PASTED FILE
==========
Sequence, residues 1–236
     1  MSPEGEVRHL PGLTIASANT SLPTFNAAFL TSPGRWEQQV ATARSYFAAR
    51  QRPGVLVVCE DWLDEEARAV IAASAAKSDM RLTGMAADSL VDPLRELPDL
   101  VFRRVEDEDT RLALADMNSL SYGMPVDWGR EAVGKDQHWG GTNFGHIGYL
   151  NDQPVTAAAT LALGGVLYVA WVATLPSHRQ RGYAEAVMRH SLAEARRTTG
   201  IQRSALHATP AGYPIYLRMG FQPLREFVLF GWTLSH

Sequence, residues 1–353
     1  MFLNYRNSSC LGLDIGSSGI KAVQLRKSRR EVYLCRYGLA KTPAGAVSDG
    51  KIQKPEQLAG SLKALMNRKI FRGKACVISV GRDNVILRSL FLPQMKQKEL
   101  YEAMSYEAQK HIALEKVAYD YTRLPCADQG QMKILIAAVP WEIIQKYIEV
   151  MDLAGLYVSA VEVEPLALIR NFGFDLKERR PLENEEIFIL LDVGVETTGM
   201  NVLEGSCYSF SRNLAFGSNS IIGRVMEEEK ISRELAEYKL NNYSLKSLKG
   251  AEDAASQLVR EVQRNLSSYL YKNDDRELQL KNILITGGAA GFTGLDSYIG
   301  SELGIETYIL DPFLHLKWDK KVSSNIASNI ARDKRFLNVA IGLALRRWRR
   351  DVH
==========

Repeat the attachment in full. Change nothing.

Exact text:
Sequence, residues 1–236
     1  MSPEGEVRHL PGLTIASANT SLPTFNAAFL TSPGRWEQQV ATARSYFAAR
    51  QRPGVLVVCE DWLDEEARAV IAASAAKSDM RLTGMAADSL VDPLRELPDL
   101  VFRRVEDEDT RLALADMNSL SYGMPVDWGR EAVGKDQHWG GTNFGHIGYL
   151  NDQPVTAAAT LALGGVLYVA WVATLPSHRQ RGYAEAVMRH SLAEARRTTG
   201  IQRSALHATP AGYPIYLRMG FQPLREFVLF GWTLSH

Sequence, residues 1–353
     1  MFLNYRNSSC LGLDIGSSGI KAVQLRKSRR EVYLCRYGLA KTPAGAVSDG
    51  KIQKPEQLAG SLKALMNRKI FRGKACVISV GRDNVILRSL FLPQMKQKEL
   101  YEAMSYEAQK HIALEKVAYD YTRLPCADQG QMKILIAAVP WEIIQKYIEV
   151  MDLAGLYVSA VEVEPLALIR NFGFDLKERR PLENEEIFIL LDVGVETTGM
   201  NVLEGSCYSF SRNLAFGSNS IIGRVMEEEK ISRELAEYKL NNYSLKSLKG
   251  AEDAASQLVR EVQRNLSSYL YKNDDRELQL KNILITGGAA GFTGLDSYIG
   301  SELGIETYIL DPFLHLKWDK KVSSNIASNI ARDKRFLNVA IGLALRRWRR
   351  DVH